Juster Acquisition Co., LLC v. N. Hudson Sewerage Auth., No. 12-3427 (JLL), 2013 WL 541972 (D.N.J. Feb. 11, 2013)
In this case, the court denied Defendant’s motion for a protective order “regarding the sixty-seven (67) electronic word searches” demanded by the plaintiff. It also denied Defendant’s request that the cost of running those searches be shifted to the plaintiff.
Plaintiff’s first Request for Production included a list of 67 proposed search terms to be run against Defendant’s ESI. In response, Defendant sought a protective order or, alternatively, an order shifting the costs associated with the search, arguing it was “entitled” to a protective order because it had already produced 8000 pages of responsive documents (in hard copy) and because, in its view, the requested search terms were “quite broad and vague.”
The court quickly denied the motion for a protective order, however, finding the defendant had “failed to provide any law or analysis in support of its request . . . .” Among the court’s reasons for denying the motion were Defendant’s failure to show “how it would be unreasonably cumulative or duplicative to perform the requested discovery search” and Defendant’s failure to provide certification that it had conferred or attempted to confer with the plaintiff to resolve the dispute.
Addressing Defendant’s alternative request for cost-shifting, the court noted that “cost-shifting should only be considered when electronic discovery imposes an undue burden or expense on the responding party” and that “[a]s a preliminary matter, ‘[c]ost shifting is potentially appropriate only when inaccessible data is sought.’” In this case, the court determined that the defendant “failed to satisfy its burden” of showing that the ESI sought was inaccessible, reasoning, in part, that by “asserting that it ha[d] hired an outside vendor to perform the word searches,” Defendant had “acknowledged that the ESI is accessible.”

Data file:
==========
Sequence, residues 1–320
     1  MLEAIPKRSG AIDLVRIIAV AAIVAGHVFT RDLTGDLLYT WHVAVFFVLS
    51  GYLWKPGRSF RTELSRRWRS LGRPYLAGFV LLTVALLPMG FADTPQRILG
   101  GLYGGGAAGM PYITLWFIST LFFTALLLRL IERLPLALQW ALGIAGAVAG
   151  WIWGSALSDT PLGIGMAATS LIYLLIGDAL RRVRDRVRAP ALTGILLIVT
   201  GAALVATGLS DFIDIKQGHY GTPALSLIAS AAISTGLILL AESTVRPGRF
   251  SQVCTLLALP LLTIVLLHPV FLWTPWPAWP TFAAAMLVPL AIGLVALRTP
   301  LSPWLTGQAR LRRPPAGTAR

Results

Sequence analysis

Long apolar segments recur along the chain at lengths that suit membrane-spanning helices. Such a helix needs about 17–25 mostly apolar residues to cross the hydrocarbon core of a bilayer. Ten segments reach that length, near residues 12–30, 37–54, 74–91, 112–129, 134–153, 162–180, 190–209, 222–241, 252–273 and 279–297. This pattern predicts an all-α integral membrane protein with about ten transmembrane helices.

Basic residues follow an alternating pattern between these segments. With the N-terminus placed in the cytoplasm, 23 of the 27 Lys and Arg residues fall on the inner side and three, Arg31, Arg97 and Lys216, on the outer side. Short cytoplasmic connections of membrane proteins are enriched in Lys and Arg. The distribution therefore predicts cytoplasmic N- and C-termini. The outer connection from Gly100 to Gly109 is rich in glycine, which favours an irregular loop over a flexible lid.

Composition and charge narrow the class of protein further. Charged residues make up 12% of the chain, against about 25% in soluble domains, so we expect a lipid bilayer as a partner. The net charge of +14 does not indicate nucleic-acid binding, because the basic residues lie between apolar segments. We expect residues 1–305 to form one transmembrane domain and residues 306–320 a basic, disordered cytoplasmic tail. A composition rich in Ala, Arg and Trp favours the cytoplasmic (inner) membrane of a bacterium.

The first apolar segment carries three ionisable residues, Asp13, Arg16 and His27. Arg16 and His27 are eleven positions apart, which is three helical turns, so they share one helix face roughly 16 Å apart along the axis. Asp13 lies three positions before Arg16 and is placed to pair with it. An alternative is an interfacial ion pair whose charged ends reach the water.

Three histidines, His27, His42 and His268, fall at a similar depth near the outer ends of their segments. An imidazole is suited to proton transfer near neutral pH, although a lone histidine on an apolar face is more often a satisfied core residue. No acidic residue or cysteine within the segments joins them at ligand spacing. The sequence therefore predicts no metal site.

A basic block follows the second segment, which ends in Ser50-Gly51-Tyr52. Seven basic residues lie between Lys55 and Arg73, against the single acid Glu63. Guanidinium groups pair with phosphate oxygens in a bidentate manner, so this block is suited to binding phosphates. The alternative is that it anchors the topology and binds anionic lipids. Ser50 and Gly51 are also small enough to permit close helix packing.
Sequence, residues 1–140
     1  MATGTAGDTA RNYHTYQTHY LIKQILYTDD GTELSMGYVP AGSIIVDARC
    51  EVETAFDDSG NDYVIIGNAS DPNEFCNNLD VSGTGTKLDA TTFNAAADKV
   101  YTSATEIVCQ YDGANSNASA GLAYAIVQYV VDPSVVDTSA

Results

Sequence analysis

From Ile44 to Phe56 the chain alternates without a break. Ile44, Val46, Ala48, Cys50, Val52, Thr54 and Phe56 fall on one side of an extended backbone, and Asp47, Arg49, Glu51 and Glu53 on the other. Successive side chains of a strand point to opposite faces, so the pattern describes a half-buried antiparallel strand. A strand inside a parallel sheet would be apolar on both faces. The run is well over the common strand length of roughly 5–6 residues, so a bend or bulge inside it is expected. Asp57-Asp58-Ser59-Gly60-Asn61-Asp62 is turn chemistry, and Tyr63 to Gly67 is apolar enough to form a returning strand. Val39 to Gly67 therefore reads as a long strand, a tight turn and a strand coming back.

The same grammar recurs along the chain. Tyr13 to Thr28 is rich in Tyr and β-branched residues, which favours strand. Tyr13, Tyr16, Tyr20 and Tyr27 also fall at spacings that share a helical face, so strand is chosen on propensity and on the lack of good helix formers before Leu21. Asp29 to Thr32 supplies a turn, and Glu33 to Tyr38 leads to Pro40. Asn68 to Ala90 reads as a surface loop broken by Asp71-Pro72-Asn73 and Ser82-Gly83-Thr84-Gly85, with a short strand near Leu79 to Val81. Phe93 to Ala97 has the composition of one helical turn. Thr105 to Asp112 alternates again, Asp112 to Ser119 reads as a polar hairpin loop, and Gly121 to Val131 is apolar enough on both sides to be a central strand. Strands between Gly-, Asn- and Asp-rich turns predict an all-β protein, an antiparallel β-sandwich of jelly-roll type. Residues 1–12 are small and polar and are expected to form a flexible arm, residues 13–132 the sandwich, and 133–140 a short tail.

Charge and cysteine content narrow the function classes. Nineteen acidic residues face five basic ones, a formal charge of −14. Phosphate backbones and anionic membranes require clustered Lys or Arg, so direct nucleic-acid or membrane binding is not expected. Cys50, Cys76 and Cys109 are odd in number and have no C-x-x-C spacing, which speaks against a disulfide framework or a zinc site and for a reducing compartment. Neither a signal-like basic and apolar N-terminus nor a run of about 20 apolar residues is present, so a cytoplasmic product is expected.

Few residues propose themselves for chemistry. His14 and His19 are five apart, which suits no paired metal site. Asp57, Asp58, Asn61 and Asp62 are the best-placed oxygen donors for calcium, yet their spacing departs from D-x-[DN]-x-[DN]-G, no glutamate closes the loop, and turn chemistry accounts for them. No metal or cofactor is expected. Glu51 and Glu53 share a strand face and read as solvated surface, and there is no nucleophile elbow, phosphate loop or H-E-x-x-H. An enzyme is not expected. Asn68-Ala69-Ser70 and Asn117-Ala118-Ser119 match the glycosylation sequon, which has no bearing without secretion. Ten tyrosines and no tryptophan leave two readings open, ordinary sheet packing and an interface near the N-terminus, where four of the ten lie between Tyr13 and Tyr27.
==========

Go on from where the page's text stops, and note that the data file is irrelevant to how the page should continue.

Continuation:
Continuing its analysis, the court stated that Defendant “also failed to show that the ESI sought by Juster impose[d] an ‘undue’ burden or expense” and found that Defendant sought “merely to avoid the cost associated with what it presumes to be duplicative and expensive word searches.” “As a result,” the court could not find that the requested ESI “[fell] into either category of ‘inaccessible’ electronic data” and concluded that Defendant “must bear the attendant discovery costs.”
Although the court determined that these factors were sufficient to deny the defendant’s motion, it went on to “nonetheless” provide additional reasons for its denial and turned to the seven-factor cost-shifting test set forth by the Zubulake court (“(1) the extent to which the request is specifically tailored to discover relevant information; (2) the availability of such information from other sources; (3) the total cost of production, compared to the amount in controversy; (4) the total cost of production; (5) the relative ability of each party to control costs and its incentive to do so; (6) the importance of the issues at stake in the litigation; and 7) the relative benefits to the parties of obtaining the information”).
Summarizing broadly, the court determined that “on balance,” these factors did not support cost-shifting. The court reasoned, in part, that it was “irrelevant that [Defendant] ha[d] already turned over 8000 pages of documents to [Plaintiff] because ‘production of information in ‘hard copy’ documentary form does not preclude a party from receiving that same information in computerized/electronic form.’” Moreover, while the defendant alleged that it would cost between $6,000 to $16,000 to “process the word searches and eliminate duplicates,” the amount Plaintiff alleged it was owed was “not less than $41 million”; the court also considered the defendant’s ability to bear the costs. Notably, the court also pointed out that the defendant had agreed bear its own discovery costs after it had been provided with Plaintiff’s proposed terms.
Finally, the court found that its denial of Defendant’s cost-shifting motion was further supported by the principles of fundamental fairness, relying on Defendant’s agreement to pay for its own discovery costs and the “comparable” nature of the amount of discovery requested of each party (Defendant had, itself, requested the results from one hundred search terms).